Minerals such as silica, soda ash, potassium nitrate, borax, calcium carbonate, etc. are weighed according to each enamel formula, well mixed, and loaded into a preheated fire clay crucible. The batch is heated to a selected temperature for a sufficient length of time to melt the minerals, forming a viscous liquid, and continued until all gases released during the decomposition of the minerals are eliminated.
The enamel is removed by ladling or pouring it onto a thick iron plate where it cools to form “cake” or “lump,” into water where it is shattered to be called “frit,” or through water cooled iron rolls to be called “roll quenched.” The cake and roll quenched are also known as air cooled. The minerals mentioned above will produce colorless transparent enamels. Changing the proportions of these minerals will provide a wide range of firing temperatures and thermal expansions, as well as small changes in gloss, surface tension, and other properties less well known.
Other minerals may be included in the colorless transparent enamel formula. Some crystalline minerals have a low solubility in glass. These insoluble crystals will decrease the transparency. Depending on their size, number, and index of refraction, the decrease can range from a slight cloudiness to a dense opaque white. This range of opacity has been described in terms such as translucent, opal, opalescent, and opaque.
Several manmade ceramic pigments are added to control color. When added in the absence of insoluble crystals, the result is a transparent color, frequently called translucent. When insoluble crystals are present, the result is an opaque color.
Lead Free and Lead Bearing Enamels
The composition of lead and lead-free enamels differ only in that the former may contain as much as fifty percent lead while the latter contains no lead. Any change in an enamel’s composition may require some change in the procedures used by the artist who wishes to obtain the same end results. Different enamel compositions have different optimum firing ranges to produce their best visual properties such as gloss, clarity, and smoothness. This firing range is rather narrow, usually a spread of 3050°F, and a length of time AT THAT temperature, which must be determined by the artist.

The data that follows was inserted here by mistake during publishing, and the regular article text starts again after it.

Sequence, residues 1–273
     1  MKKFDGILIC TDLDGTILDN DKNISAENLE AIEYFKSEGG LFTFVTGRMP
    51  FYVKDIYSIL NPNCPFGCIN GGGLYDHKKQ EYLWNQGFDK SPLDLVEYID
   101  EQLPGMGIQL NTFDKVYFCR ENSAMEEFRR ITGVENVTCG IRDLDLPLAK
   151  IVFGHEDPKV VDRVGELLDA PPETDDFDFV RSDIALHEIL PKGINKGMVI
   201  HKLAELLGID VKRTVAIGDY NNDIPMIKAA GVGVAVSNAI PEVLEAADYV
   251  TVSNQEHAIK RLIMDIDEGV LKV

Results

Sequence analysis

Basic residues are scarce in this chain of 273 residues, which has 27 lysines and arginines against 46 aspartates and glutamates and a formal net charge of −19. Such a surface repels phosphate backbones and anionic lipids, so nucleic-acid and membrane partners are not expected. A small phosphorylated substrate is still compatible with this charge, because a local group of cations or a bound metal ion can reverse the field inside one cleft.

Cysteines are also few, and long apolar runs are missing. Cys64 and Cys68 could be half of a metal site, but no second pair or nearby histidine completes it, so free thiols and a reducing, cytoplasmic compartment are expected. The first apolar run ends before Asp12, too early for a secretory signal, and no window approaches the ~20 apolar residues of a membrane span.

Furnaces that are slow coming back to temperature after inserting the piece may require a total of 5 minutes or more to provide the proper length of time at the optimum temperature. Artists who fire by observing the surface of the piece, with little regard to what their indicating pyrometer reads, have had no trouble firing lead-free enamels. Artists who arbitrarily fire at what they think their indicating pyrometer should read, and at a predetermined time, have problems switching from one enamel to another even if both are lead enamels.
I cannot tell you what your pyrometer should read or how long you should fire to obtain a clear flux coating of lead-free enamel on copper. I can tell you that in my furnace with my controlling pyrometer set at 1500°F the length of firing is four minutes. If you can arrive at a comparable fire, the result will be equal to or better than any lead-bearing enamel. When using opaque lead-free I set my controlling pyrometer at 1500°F and fire for three minutes. Using a controlling pyrometer eliminates the need to look at the enamel while in the furnace once you determine the optimum fire (temperature and time).
We know many artists who feel their lead-free transparent colors are superior to lead-bearing enamels. On the other hand, many feel lead-bearing opaques have a little more gloss, but they continue to use unleaded for health reasons.
Lead enamels can be fired as a subsequent coat over lead-free enamels; lead-free enamels can be fired as a subsequent coat over most lead enamels. They can be sandwiched. For example: a lead flux, lead-free color, followed by a lead color. Again, the secret is in the firing. All of this was done quite extensively in the sixteenth century in Limoges. Prior to that, the eleventh century champlevé enamels by the Limoges and Mosan masters were lead-bearing white, yellow, and green, while all other colors were lead-free.
There is one caution. As mentioned above, a complete coat of lead enamel can be applied over a fired coat of lead-free, however, if only one or two grains of lead enamel falls onto a lead-free surface and fired, a pit will result. Thompson stopped making lead enamels because of OSHA’s workplace restrictions on the airborne lead.